19 Module 1 - p 18 The majority of family-run businesses don t make it to the third generation as a result of family-related issues. Some of these issues include: 20 Splitting the business or giving it to unsuited persons out of the desire to be fair to children. Simply assuming that children will go into the business, but failing to develop a program to familiarize them with it and develop their interests and skills. Not developing corporate culture, business plans, and job descriptions that family successors understand, agree to, and develop competence for. Allowing family dynamics to control meetings and communications that are supposedly for business purposes. Giving in to financial demands from family heirs that are bad for business. There is no fool-proof model for succession planning; you will need to customize your approach to meet your specific needs. There are, however, some strongly recommended dos and don ts: 20 Help Wanted, 213.
20 Module 1 - p 19 Succession Planning Dos and Don ts 21 DO Start planning now. It is never too early to think about succession. Communicate openly at all times with all family members about plans. Develop a long-term vision of what you want to happen. Write it down. Address the issue of fail vs. equal division of the business early on. Help develop the skills, abilities and knowledge of the next generation. Prepare a legal will early. Develop a general plan for the transfer of assets. Enroll a lawyer and an accountant to fine-tune your plans. DON T Procrastinate and put off discussing succession. Start now. Feel that the succession plan has to treat all children equally; fair does not mean equal. Be afraid to ask questions and listen carefully to the answers. Hold on to control of all aspects of the business. Feel both generations must have the same value sets. Define your life as the business. There is more to life than work. Rely on just one professional advisor. Unfortunately, many family business owners fail to develop a succession plan. It is critical that the owner writes down his or her future plans. Otherwise, this information is lost if circumstances render him or her incapable of continuing with the business. Often, family-businesses plan for Joint-CEOs to be the successors. This is seldom a result of careful planning. Rather, it often results from a reluctance to choose among family members, a fear of provoking arguments, or the desire to please everyone. In order for your business to survive, you must handle it as a business. MANAGEMENT MAXIMS Secrets of Success in Succession Planning 22 Start planning early. Think of the family business as an asset, not just an operation. Let family members have a free choice on whether or not to enter the business while you still manage it. Get professional help for the transition process. 21 Government of Ontario, <www.gov.on.ca/omafra/english/busdev/facts/ htm>. 22 Help Wanted, 216.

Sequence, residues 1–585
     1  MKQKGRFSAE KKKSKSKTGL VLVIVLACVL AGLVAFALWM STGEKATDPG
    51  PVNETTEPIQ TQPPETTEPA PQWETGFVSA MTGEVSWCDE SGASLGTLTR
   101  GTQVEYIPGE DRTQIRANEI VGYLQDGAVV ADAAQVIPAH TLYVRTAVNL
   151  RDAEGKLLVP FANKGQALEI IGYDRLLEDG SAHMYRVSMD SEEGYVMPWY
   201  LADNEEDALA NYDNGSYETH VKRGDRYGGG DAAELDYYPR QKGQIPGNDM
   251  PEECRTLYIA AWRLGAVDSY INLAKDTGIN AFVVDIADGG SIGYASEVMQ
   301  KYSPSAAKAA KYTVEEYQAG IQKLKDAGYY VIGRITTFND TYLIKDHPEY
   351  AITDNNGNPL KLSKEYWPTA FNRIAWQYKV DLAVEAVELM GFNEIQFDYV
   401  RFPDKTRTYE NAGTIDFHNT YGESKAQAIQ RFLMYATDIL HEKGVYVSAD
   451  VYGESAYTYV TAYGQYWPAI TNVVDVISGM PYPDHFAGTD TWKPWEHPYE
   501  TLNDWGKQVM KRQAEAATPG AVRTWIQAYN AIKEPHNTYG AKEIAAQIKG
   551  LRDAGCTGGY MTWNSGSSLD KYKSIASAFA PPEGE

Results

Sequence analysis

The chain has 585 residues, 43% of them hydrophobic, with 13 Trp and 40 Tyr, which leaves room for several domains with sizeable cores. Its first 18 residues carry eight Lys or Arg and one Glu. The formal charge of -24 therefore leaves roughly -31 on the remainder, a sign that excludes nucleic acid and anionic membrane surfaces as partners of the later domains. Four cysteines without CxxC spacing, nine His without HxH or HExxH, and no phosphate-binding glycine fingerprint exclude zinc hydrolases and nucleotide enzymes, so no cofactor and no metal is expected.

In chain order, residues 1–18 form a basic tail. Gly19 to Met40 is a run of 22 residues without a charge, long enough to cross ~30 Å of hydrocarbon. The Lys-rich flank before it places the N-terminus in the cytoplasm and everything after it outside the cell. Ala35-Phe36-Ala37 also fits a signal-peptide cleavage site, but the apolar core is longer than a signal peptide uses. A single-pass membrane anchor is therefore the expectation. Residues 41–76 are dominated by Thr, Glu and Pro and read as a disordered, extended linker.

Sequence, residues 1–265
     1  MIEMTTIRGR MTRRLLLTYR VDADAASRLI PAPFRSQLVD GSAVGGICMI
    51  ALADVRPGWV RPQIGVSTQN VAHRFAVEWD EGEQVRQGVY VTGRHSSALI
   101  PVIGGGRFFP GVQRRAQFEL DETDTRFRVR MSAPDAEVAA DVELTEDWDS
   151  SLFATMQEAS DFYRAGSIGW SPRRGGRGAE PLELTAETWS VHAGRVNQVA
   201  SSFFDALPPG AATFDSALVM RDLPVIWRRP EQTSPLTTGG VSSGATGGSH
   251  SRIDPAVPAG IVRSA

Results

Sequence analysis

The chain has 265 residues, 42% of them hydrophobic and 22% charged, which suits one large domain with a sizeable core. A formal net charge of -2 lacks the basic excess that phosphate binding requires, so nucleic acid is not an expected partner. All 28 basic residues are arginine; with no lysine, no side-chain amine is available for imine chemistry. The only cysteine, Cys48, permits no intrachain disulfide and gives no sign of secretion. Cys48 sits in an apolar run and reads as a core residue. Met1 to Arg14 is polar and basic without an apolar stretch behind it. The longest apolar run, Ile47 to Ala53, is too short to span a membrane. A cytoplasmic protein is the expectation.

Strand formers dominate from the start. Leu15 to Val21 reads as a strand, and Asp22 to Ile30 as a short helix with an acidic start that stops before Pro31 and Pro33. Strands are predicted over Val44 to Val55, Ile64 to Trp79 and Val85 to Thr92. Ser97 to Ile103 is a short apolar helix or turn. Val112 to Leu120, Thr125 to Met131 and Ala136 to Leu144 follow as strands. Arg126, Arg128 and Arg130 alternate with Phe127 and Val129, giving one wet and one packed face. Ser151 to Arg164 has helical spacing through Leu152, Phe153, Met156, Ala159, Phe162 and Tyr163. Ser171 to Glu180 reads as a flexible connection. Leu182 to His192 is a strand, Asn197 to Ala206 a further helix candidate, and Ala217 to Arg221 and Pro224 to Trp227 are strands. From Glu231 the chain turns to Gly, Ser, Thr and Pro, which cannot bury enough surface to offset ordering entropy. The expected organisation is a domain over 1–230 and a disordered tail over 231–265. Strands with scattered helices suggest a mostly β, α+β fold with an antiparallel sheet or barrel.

21 Module 1 - p CREATING A PERSONNEL MANUAL The best way to ensure that your employees understand your workplace policies is to communicate them both verbally and through a written document. This document need not be lengthy or elaborate. Simply outline your business s rules and expectations in a clear and concise way. Even a sentence or two will do! A sample table of contents for an employee handbook is included on the following page. The topics included are simply suggested areas of discussion. You should include the information most critical to your work environment. It is a good idea to include a page (preferably at the beginning of the booklet) that explains the employee s responsibility to read and understand the policy and requests employee signatures. Include the information most critical to your work environment. A quick and easy employee handbook template is included at the end of this module. Please consult the publication Rights and Responsibilities: A Guide to Labour Standards in Saskatchewan to clarify matters such as hours of work, overtime pay, and so on.